Part of the problem is British decency. We do not want to make ‘martyrs’ of these people; we do not want to curtail our freedoms to deal with these people; and we do not want to denigrate everything about Islam by clumsily criticising this particular strand of Islam.

It is therefore understandable that Lord Winston, one of the sofa-guests, should wish to say that this is not an Islamic problem. He argued, very thoughtfully, that this is a problem of terrorism and the recruitment of disaffected youth, drawing on examples from Cambodia, China, Kashmir and more. While the second part of this argument is true, the first part is not, and anyone who has not been captured by our fake-liberal zeitgeist knows this. What Lord Winston seems reluctant to admit is that these youths have been captured by a very specific ideology, for very specific purposes – and that is the nature of almost all terrorism: purpose.

Youth will always be with us. Poisonous ideologies will not. Ideologies can be understood, reasoned with and defeated by argument and cultural change. Youth will forever be an enduring part of humanity, unless Lord Winston is aware of some scientific discovery not yet in the public domain. To ignore the relevance of the ideology behind the action, whether it is anarchism, communism or now Islamism, is to doom us to failure in tackling them.

This is intellectual dishonesty. It is understandable why we should wish to avoid unpalatable truths, but it is ultimately self-defeating. It is also, sadly, a malady of modern liberalism, which seems to have disappeared into a deep, dark cave and lost its orientation.

At one time during the programme a little strap line appeared on the screen. It asked ‘What should be done about British Islamic extremists?’ Here’s an idea: arrest them and prosecute them when they break the law; don’t invite them on the BBC. A simple idea, but one most reasonable people in Britain would think appropriate.

Apart from this there were some interesting points of discussion, it’s just that the programme might have benefited from someone who knew the law. We talk about British values quite a lot, but there is only one that is of relevance and that we can all probably agree with – that is to obey the law. We are a law-based society. Let’s recognise that, understand the relevant law and use it.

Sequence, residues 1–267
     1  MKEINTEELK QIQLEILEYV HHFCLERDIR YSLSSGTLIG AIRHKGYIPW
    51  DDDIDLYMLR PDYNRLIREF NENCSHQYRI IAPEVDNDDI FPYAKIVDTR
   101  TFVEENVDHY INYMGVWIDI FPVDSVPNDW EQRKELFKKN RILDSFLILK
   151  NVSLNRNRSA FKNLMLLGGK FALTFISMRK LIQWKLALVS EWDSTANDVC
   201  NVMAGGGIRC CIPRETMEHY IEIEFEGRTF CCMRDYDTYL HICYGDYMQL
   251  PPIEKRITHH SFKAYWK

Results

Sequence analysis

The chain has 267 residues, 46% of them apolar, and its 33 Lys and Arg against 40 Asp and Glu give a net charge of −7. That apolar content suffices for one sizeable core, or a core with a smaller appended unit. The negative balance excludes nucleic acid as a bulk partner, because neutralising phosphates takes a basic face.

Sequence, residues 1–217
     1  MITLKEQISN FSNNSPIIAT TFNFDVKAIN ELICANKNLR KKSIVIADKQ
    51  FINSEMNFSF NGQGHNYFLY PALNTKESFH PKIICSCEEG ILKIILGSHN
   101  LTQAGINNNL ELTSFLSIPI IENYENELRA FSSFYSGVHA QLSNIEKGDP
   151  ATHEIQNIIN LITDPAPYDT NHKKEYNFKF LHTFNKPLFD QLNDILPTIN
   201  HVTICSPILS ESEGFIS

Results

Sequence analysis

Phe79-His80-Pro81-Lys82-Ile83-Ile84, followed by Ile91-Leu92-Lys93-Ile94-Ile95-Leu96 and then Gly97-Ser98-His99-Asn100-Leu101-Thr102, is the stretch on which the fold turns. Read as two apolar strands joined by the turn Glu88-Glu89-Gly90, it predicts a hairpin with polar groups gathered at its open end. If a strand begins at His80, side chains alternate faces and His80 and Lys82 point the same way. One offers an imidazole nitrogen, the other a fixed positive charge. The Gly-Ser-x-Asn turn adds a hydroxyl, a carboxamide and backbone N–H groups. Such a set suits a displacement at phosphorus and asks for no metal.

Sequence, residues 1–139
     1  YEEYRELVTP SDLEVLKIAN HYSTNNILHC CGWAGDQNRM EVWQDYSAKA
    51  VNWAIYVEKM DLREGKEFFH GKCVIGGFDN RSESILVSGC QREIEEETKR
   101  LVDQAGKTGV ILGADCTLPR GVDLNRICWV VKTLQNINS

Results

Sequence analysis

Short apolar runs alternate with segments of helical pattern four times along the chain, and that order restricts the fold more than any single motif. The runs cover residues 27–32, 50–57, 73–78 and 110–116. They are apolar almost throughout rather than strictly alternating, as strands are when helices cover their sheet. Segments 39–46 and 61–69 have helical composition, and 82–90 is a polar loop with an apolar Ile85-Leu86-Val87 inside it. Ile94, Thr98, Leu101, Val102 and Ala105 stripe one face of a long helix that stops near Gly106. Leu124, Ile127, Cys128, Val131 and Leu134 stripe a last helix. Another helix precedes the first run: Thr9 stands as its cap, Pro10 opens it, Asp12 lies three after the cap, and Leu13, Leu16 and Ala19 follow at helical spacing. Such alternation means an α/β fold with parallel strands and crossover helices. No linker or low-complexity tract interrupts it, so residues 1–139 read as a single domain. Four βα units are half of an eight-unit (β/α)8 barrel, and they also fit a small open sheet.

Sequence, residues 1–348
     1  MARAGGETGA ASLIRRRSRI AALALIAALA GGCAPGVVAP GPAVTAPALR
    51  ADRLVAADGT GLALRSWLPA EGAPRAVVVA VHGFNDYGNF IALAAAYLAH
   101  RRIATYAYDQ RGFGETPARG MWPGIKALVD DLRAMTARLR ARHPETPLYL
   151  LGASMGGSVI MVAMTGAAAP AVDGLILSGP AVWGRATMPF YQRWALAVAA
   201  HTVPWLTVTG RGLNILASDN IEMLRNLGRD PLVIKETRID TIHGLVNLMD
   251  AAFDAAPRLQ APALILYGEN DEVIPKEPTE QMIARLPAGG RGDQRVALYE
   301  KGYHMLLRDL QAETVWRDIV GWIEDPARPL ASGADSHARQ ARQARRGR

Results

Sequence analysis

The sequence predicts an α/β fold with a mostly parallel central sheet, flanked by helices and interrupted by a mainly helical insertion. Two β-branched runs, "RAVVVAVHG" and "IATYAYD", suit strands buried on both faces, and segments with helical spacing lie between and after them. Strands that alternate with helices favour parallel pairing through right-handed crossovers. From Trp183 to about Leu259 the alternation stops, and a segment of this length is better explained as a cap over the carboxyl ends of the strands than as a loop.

And it does’t help when the Prime Minister tells the House of Commons, as he did on Monday 1 September 2014, that the goings on in Syria and Iraq, the putative caliphate, the jihad, the attempt to create a state called the Islamic State and the desire to live under the laws of Islam have nothing to do with Islam.

Specifically he said: ‘And we should be clear that this has nothing to do with Islam.’

It’s clear what he is trying to say, or at least I hope it is: that Islam is not all about the extremism. Well, of course it isn’t. That much is obvious and I’m sure we do not need telling, at least not in this strange arrangement of words.

‘Nothing to do with Islam.’

Only it has. That’s the problem. Refusing to admit this obvious point is making it impossible for non-Muslims and Muslims alike, especially the vast majority of Muslims who want nothing to do with the barbarism of the Islamic State, to deal with the problem.

To solve a problem, first you need to understand the problem. And as far as the little problem of Islamism goes, I’m not sure we get it yet.

How undesirable is Trenton Oldfield?

It seems Trenton Oldfield has successfully appealed against having his visa revoked. He is the Australian thirty-something who took it upon himself to disrupted the 2012 Boat Race in a supposed protest against elitism while failing to notice that Oxbridge is more meritocratic than elitist on account of its really hard exams.

He calls it protest, and still thinks he has the right to do what he did that day. But it was in fact a form of sabotage; it was an attempt, partially successful, to deny freedom to others while at the same time claiming to exercise his freedom to protest. It doesn’t work like that, Trenton, really it doesn’t. It falls into the same category as forcing your way into someone’s office or place of work and denying them the ability to do their work. You don’t exercise your freedom by denying freedom to others who are simply going about their lawful business.